Primavera P6 has the capability to model either workday or 24-hour elapsed time lags in your schedule. A 24-hour elapsed time lag can be very useful when you are trying to model such constants as the cure process for concrete, which of course doesn’t take the weekend off like its surrounding activities.
Primavera P6 Example
As an example, let’s say you have a construction project that requires the installation of several concrete structures. Figure 1 displays a sample section of that schedule, and clearly shows the concrete installation process. Note that your Pour Concrete task currently has zero lag, Figure 1.
Again, as displayed in Figure 1, all the tasks use the standard Finish-to-Start relationship. This works well for the sequential nature of the project. The only outstanding issue is that you want to accurately describe in your schedule a 5-day “round the clock” cure time delay from the time your concrete is poured to the time it is cured, and the forms can be removed.
How should your schedule account for this concrete cure time delay?
This article describes how to add lag to the classic Finish-to-Start relationship to describe cure time delays.
Selecting a 24-hour Lag Calendar
The first step in scheduling the cure time delay is to select the schedule icon from the P6 Professional tools group at the top of the screen, Figure 1. You may also select Tools | Schedule from the top drop down menu. Next click the Options button in the Schedule dialog box, Figure 2.
At the very bottom of the Schedule Options: General tab menu is the drop-down menu “Calendar for scheduling Relationship Lag”. Select the “24 Hour Calendar” from this drop down menu, Figure 3.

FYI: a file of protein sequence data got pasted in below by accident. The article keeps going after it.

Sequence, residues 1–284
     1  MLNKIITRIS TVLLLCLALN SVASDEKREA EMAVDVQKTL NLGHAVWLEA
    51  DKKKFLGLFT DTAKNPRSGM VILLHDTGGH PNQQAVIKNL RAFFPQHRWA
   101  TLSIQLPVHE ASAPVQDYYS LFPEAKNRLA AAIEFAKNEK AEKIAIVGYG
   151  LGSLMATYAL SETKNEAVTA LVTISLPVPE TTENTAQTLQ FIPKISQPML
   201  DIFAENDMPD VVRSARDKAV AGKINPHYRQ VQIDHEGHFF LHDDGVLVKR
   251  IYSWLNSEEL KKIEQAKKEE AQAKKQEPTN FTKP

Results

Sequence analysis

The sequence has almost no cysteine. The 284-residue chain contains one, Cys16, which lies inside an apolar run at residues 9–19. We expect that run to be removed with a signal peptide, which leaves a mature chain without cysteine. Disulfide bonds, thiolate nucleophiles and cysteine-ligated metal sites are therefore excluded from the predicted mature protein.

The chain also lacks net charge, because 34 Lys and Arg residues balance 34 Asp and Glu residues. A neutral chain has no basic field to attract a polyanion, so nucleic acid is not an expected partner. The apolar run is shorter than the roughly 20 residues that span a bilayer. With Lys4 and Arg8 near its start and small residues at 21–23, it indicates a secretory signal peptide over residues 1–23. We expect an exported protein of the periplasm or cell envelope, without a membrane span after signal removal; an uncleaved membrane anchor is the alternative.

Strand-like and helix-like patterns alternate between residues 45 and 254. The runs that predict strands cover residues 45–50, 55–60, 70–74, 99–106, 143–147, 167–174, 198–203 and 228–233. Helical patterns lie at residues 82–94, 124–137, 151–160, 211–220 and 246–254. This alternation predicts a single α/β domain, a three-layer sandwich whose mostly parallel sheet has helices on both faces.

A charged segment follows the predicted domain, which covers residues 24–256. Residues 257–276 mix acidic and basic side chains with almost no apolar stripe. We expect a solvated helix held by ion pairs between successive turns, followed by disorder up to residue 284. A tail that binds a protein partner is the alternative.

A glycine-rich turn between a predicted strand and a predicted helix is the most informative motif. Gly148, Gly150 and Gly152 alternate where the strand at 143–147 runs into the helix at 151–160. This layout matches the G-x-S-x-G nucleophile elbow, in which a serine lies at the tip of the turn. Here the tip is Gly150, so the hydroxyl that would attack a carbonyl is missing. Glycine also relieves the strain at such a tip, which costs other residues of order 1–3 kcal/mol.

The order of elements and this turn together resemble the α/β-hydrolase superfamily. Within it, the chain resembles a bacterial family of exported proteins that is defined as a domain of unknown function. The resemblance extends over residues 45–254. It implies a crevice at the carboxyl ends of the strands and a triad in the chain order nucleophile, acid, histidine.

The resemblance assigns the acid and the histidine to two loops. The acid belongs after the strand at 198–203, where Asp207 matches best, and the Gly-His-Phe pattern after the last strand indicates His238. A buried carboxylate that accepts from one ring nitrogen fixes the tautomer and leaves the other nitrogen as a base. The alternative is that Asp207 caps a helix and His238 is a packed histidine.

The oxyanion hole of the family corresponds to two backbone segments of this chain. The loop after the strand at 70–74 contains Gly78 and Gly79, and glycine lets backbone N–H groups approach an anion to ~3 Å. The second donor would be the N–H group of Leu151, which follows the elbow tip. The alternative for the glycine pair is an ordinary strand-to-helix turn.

Entering you Concrete Cure Time Lag
Now you are almost ready to enter your concrete cure time lag.
Before entering the Lag for the task “C – Pour Concrete” first note your project calendar, which is viewed by selecting General from the bottom details view. For our example we are using the Corporate – Standard Full Time calendar, which is your standard 5-day, 8-hour work week calendar.
Select Activity Name “D – Strike Forms” from the list of task, and then select the Predecessors tab from the bottom details view. The Lag column, Figure 4, is where you will enter your Lag time.
Here it is easiest to enter the total length of your concrete cure lag time in hours. Our cure Lag is 5-days, so 5-days times 24-hours for each day comes to a total Lag time of 120-hours. Enter “120h” in the Lag column. Figure 4, and Primavera P6 will automatically calculate your Lag time in days, which for our example comes to 15-days, Figure 5.
Wait a minute! Fifteen days is a long time. I thought our cure time Lag was only 5-days? It is, but for our project standard 5-day calendar Primavera P6 considers each block of 8-hours in our 24-hour Calendar for scheduling Relationship Lag as 1-day. So each 24-hour period of time will be 3-days Lag. Our 5-day cure time comes to a 15-days Lag, using the 24-hour Calendar for Relationship Lag and the standard 8-hour a day project schedule.
Again, if this seems confusing, simply enter your total cure time in hours and let Primavera P6 compute the Lag time in days for you.
For our example, schedule your project by selecting the Schedule button. Your project Gantt chart with the 5-day “anytime” cure time delay will be as displayed in Figure 5.
Entering a cure time delay is probably a little more complex than you would like, but it’s worth the extra step in case an activity slips and a weekend falls between the two activities. If that happens, you’ll have an inaccurate lag using the other options. However, you can take the confusion out of the equation by simply entering the total Lag cure time in total hours, and let Primavera P6 compute the equivalent cure time in days.
One more point to note is that, once selected, Primavera P6 will use the 24-hour “Calendar for scheduling Relationship Lag” for all your lags in the schedule. So if you have a 4-day business day delivery lag in addition to a cure time lag you will have to find another way to describe that delivery delay lag, the “24-Hour Calendar” for Lag will not do.
For the delivery delay, perhaps, you could simply create a four day acquire parts task that has no resource assignments, and, therefore, no associated cost.